If you go
• What: Sheep shearing
• When: 1 to 3 p.m. Sunday
• Where: Stone Mountain Park’s Antebellum Plantation and Farmyard, 1000 Robert E. Lee Blvd., Stone Mountain
• Cost: $10 car entry fee
• For more information: Visit www.stonemountain...>
STONE MOUNTAIN -- Everybody needs a cut every now and then, right?
That includes sheep, who have been getting their locks shaved off for the past 9,000 years.
The old-school classic cut is still a tradition for many sheep, including those that live at Stone Mountain Park.
On Sunday, a professional sheep shearer is visiting the park to trim the herd of Old English Southdown Sheep on site at the Antebellum Plantation and Farmyard.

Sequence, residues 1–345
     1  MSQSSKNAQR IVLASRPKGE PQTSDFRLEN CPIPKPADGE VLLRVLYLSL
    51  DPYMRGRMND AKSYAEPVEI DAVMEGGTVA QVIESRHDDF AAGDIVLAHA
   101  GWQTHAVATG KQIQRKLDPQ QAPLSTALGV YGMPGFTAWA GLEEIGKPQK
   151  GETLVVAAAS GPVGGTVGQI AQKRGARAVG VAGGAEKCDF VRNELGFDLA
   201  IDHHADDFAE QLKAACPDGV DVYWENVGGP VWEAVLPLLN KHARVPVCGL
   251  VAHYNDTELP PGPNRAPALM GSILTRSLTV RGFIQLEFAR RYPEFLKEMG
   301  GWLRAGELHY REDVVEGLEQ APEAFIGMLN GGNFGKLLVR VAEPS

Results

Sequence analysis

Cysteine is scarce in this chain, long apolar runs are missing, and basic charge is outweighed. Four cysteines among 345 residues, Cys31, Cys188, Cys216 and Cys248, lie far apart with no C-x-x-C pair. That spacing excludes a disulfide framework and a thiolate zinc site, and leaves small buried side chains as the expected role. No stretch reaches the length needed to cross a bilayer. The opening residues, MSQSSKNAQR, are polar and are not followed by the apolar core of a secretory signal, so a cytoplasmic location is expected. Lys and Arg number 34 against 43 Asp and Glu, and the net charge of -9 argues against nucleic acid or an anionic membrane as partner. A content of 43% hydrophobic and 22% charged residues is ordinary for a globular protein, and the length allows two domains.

The sheep get this cut twice a year -- once in the spring and then at the end of summer -- to keep the mammals cool through the humid months. The haircut doesn't hurt the animals, especially with electrical shearers, but a professional needs to do the job or the sheep may get scratched and nicked.
The wool collected from the shearing process can be made into clothing, blankets and insulation. It takes the shearer about two to five minutes per sheep to shear the wool into one large piece. One fleece from the sheep has enough material to make a man's suit.
At the event, the shearer will teach the guests other facts about the sheep, benefits of the shearing process and other uses of the wool.
The next sheep shearing day is July 28.